PICKENS COUNTY, S.C. -- For the first time since the Upstate was Cherokee territory, a wild elk has been seen roaming the woodlands of South Carolina.

Northern Pickens County is abuzz with sightings of the bull elk, whose wanderings are being traced on social media.

It’s not the species that once inhabited this area but more likely one that found himself ousted by the dominant males of a herd of Rocky Mountain elk that have been re-established in the Great Smoky Mountains National Park, said noted outdoorsman and Pickens County resident Dennis Chastain.

“This is a historic moment that some of us knew would eventually come,” Chastain said. “This is the first wild elk to roam the woods and wild places in South Carolina since they disappeared in the early 1700s.”

Capt. Robert McCullough of the state Department of Natural Resources said the agency is monitoring the animal’s movements.

“We’ve been following it like everybody else on Facebook and different things where people have been posting pictures, and we’re getting reports,” he said.

“Right now it hasn’t caused a major problem or anything.”

Caleb Cassell said he came across the elk, which is significantly larger than the indigenous deer, as it was walking down the middle of Eastatoe Creek Road.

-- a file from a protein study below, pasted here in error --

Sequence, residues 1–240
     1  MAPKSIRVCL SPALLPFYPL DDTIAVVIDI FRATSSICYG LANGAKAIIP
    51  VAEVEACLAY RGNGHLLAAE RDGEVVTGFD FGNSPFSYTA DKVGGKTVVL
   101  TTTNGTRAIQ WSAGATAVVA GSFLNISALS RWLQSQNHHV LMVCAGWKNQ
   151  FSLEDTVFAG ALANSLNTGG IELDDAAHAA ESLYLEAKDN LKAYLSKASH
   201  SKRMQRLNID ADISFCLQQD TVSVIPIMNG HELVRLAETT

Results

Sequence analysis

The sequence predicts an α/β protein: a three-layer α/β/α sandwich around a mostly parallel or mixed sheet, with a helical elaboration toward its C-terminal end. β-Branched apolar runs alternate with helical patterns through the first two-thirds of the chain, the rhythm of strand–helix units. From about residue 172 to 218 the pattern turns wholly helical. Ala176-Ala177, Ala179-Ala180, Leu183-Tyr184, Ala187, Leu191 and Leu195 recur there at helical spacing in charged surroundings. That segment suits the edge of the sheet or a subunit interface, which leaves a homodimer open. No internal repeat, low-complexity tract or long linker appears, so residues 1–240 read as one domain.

“He's a younger elk I'd say he got kicked out of the herd in Cherokee and is wandering, looking for another herd and has gotten lost,” Cassell said.

Carl Walsh, president of the South Carolina chapter of the Rocky Mountain Elk Foundation, took pictures of the animal, which he estimated is about 2 ½ years old, on private property in the Rocky Bottom area.

“If you had settled in South Carolina back in the late 1600’s you would have had an abundance of elk. But our forefather shot them all out for clothing or food,” he said. “And we haven’t had an elk in 275 years.”

He believes the bull, which is unafraid of humans, will keep looking for a female until he finds one, although he may have to return to North Carolina to accomplish that.

“Hopefully next time he’ll bring a female with him and we can establish a small herd here in South Carolina,” Walsh said.

Walsh and Chastain worked with the Legislature several years ago to get a bill passed to make it illegal to shoot elk in South Carolina, but this is the first time the law has come into play.

“We’ve had reports before,” McCullough, of the DNR said. “This is the first time I’m aware of that we have confirmed one that had wandered down.”